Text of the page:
"The trial court's ruling in Utah goes further than the court has gone so far, and so it is not surprising that the justices — without comment or dissent — put that ruling on hold, pending further review," said Notre Dame law professor Richard Garnett. He noted that the court often gave states the benefit of the doubt when they appealed.

Lawyers for the American Civil Liberties Union were disappointed but said the court's action should not affect gay couples who lawfully married in Utah.

"Though future marriages are on hold for now, the state should recognize as valid those marriages that have already been issued," said John Mejia, legal director for the ACLU of Utah.

A similar issue arose in California in 2008 after the state Supreme Court ruled that gays and lesbians could marry. The same-sex marriages that ensued were upheld as valid, even though voters passed Proposition 8 within months, restoring a state ban on gay marriages.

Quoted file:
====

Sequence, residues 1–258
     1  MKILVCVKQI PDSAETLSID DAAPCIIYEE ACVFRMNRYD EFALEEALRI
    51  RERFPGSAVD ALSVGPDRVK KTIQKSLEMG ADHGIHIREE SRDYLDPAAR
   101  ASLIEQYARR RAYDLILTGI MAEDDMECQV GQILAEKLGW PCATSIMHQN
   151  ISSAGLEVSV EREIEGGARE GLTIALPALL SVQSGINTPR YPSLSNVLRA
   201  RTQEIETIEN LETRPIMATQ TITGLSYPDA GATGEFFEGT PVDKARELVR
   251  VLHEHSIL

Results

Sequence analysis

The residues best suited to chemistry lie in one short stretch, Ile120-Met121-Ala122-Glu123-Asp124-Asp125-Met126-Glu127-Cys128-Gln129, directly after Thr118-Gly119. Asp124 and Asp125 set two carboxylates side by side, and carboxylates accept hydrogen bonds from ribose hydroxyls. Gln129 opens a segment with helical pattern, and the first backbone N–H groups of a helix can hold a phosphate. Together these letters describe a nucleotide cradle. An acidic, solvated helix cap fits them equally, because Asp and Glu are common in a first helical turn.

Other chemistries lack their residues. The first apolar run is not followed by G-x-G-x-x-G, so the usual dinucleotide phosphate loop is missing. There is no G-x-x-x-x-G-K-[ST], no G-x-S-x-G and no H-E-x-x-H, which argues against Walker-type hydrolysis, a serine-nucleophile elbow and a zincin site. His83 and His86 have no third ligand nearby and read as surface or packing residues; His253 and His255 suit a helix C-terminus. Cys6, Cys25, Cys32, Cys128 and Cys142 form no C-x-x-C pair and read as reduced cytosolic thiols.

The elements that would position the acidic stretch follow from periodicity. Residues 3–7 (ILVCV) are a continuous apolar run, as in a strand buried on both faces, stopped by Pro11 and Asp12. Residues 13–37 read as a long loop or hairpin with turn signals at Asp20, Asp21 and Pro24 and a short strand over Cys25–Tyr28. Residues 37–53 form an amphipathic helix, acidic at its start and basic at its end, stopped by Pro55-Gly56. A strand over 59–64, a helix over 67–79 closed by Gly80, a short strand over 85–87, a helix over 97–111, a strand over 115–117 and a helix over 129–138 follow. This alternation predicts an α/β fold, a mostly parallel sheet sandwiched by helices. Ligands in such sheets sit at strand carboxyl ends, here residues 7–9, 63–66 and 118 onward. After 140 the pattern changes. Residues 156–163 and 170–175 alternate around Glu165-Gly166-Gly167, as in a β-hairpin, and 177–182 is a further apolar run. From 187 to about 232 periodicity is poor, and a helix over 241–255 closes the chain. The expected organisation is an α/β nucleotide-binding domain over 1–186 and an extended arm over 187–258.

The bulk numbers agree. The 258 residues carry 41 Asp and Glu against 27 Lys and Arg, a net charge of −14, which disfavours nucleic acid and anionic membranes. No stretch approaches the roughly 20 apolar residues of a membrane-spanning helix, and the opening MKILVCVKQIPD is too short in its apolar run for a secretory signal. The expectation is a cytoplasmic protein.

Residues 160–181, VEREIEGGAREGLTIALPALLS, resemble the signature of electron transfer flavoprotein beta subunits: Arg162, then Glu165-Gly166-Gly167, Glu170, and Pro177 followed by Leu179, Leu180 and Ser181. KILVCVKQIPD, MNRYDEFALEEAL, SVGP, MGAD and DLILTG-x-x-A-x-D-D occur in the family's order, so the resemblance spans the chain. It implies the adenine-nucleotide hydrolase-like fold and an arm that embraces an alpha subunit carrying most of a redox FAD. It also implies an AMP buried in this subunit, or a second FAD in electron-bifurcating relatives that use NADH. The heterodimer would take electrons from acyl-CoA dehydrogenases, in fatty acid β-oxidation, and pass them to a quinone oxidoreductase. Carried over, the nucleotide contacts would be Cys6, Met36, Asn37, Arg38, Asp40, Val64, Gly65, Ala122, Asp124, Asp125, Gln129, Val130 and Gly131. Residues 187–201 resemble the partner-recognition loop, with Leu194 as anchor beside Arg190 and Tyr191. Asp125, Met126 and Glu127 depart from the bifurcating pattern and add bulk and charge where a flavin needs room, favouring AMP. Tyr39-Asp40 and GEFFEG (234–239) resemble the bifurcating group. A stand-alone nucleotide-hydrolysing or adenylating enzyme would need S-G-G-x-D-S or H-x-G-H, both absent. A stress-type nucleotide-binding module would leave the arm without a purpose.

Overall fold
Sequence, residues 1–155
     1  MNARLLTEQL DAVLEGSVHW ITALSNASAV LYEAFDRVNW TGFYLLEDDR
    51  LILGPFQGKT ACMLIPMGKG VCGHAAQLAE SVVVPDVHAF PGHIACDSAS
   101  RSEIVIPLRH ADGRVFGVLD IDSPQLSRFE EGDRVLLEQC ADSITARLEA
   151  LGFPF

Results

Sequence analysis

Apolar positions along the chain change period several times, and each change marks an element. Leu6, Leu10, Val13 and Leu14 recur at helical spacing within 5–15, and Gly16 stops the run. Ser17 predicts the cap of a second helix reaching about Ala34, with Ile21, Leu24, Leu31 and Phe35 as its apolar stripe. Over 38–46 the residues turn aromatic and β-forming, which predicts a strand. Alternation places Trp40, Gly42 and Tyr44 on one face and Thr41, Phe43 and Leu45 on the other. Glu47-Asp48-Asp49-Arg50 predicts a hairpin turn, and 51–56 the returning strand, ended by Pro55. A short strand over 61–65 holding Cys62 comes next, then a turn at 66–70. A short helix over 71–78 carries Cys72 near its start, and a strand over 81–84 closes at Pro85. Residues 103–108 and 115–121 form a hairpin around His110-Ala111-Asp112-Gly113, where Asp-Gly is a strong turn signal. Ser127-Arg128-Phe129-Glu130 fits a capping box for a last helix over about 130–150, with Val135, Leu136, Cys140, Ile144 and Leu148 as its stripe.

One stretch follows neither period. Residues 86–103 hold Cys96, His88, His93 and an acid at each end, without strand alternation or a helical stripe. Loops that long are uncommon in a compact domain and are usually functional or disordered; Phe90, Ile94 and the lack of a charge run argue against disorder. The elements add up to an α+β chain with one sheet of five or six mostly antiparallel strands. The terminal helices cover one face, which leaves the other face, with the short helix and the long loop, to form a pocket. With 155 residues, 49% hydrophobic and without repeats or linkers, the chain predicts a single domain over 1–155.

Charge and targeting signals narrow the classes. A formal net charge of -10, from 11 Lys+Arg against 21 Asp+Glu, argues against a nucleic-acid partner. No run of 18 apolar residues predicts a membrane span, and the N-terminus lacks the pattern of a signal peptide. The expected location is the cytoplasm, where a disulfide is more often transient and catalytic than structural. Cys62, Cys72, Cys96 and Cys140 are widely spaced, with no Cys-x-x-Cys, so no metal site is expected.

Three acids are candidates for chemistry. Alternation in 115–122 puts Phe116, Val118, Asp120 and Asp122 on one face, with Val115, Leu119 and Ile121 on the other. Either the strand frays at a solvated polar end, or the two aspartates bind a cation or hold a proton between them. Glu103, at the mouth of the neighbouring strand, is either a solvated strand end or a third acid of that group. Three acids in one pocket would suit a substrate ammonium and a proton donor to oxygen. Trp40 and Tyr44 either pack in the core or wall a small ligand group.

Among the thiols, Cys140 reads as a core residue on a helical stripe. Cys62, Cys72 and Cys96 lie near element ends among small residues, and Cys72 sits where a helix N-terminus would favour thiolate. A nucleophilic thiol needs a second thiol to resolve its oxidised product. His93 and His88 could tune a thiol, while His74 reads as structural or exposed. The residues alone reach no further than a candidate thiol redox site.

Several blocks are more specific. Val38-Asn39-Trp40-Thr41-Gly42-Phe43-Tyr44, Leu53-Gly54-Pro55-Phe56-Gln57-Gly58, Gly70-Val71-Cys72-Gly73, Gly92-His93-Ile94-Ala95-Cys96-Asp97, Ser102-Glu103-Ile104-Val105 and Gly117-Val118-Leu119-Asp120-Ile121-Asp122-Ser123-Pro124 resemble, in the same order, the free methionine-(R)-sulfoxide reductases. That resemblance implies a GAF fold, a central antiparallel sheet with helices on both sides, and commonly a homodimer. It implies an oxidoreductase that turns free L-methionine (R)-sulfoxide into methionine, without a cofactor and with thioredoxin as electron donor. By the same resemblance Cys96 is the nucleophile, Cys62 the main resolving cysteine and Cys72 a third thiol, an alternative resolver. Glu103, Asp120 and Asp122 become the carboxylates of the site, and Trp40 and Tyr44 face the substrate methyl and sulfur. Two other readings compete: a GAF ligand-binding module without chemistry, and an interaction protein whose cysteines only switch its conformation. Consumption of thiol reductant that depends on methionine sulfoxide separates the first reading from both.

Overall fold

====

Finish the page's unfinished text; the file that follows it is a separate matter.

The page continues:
But in Utah, the federal judge's ruling is not a final decision because it is still under appeal, so the question of validity is less clear.

Opponents of gay marriage welcomed the high court's intervention.

"It was outrageous that this brazen judge appointed by President Obama would substitute this view for the sovereign decision by both the Utah Legislature and the people of the state, who voted overwhelmingly in favor of defining marriage as the union of one man and one woman," said Brian Brown, president of the National Organization for Marriage.

Shelby was recommended for the bench by Utah's two Republican senators, Orrin G. Hatch and Mike Lee.